Lighter mornings has meant that the start of the dawn chorus; robins, coal tits, song thrushes and house sparrows all have begun to sing in and around Glanton.

Clam conditions on Saturday produced a good mix of waders and ducks using Fenham Flats.  A small party of ringed plover still can be found close to the hide at Fenham le Moor.  This is unusual as it is normally May when these birds are found on this stretch of mud flat.  The calm conditions produced a count of 25 slavonian grebes, 4 long tailed ducks, a female common scoter and a young female scaupBarnacle geese were present at both Fenham and Ross with reasonable numbers (340) of pink footed geese.  A female peregrine and a little egret were located north of Fenham Hill.

Some of the early perennial plants are starting to throw their first leaves.  The most obvious species is the lesser celandine in permanent pastures.  The lime coloured leathery leaves of the common scurvey-grass is much in evidence in front of the hide at Fenham le Moor.

Away from the coast, the boys and I have had excellent views of barn owls between Chatton and Lilburn and a second bird in the Roseden area on Saturday evening.

Sunday, 10 February 2013

Alnmouth 10th Feb

A very cold windy morning the highlight being a pair of Goosander on river past the Duchess Bridge. Six to 10 Common Scoter were bobbing about on the sea and about 70 swans were in a field on the way to Warkworth. Were they Mute or Whooper, too far away to be certain.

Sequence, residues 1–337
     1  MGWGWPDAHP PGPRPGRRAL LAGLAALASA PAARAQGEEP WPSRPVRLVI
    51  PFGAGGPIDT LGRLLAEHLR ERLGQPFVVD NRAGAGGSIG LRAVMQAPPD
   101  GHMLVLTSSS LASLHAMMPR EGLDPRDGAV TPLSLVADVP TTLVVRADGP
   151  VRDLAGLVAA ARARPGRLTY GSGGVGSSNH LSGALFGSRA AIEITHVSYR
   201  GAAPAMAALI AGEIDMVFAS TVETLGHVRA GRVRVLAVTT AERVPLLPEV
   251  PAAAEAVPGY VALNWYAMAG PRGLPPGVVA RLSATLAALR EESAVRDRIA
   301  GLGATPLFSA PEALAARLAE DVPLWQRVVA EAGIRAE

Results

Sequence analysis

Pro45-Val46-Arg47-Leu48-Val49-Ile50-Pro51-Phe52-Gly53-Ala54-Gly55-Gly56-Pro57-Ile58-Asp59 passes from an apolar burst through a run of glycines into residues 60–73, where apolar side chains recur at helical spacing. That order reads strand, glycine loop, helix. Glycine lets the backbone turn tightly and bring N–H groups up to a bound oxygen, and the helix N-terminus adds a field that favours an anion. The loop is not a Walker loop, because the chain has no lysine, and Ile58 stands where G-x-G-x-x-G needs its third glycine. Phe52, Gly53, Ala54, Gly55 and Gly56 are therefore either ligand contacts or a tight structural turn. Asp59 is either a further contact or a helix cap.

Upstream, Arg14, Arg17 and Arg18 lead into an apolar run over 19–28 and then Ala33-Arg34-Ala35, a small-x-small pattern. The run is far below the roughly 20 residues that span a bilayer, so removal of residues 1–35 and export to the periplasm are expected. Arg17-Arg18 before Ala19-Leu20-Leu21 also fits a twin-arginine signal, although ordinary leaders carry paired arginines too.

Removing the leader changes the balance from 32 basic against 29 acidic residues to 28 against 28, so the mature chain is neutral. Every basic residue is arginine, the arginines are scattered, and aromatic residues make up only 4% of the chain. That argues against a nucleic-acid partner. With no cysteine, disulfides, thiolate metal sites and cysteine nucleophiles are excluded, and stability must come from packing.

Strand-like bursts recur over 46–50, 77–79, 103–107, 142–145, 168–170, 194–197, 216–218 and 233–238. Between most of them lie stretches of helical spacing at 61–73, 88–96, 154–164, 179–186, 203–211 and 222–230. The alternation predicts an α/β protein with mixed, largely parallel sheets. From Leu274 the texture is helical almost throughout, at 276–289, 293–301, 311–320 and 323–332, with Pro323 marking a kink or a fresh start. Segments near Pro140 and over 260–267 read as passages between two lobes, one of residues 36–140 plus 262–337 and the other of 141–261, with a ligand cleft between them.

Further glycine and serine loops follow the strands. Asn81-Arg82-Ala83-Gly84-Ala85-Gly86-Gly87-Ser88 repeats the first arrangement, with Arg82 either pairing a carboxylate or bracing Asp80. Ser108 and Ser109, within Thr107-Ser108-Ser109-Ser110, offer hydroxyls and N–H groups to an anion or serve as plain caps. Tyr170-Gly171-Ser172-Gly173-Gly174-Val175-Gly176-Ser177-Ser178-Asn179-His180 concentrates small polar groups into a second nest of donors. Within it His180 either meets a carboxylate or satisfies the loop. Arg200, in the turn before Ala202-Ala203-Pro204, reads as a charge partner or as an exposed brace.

Wednesday, 6 February 2013

Branton Ponds 6th February

Even though the wind was brisk and cold,Branton Ponds still held a good number of birds ,Wigeon were the most numerous with smaller numbers of Teal and Mallard.Also showing well were 3
male Goldeneye as they displayed to any female bird that was watching,a small group of Goosander numbering 12 birds glided by in a tight huddle. Of interest was the 3 Cormorants on one of the islands,one of the birds showed a white head pattern strongly indicative of the continental race "sinensis ".  

Monday, 4 February 2013

Spring is here (?!)

The bird scene at Titlington Mount is pathetic at the moment, but today out on the moor came what I always regard as the very first early sign of spring - the Hare's-tail Cotton Grass (Eriophorum vaginatum) is just starting to show the first young, grey flowering heads above the tussocks in some patches.

My photo was taken last year at a slightly later stage of development - probably April - so you have to imagine the flower spikes short, smaller and much greyer.

Meanwhile the Snowdrops are developing well in Bolton village and up Titlington Lane.

Saturday, 2 February 2013

Alnmouth and Foxton area - a Short Eared Owl has been seen during January hunting  by the side of the village golf course and a Barn Owl on the 24th on the top of the hill. At least 150 Redwings and Fieldfares enjoyed feeding on Foxton golf course in areas not covered by snow. They were joined at least once by a Woodcock.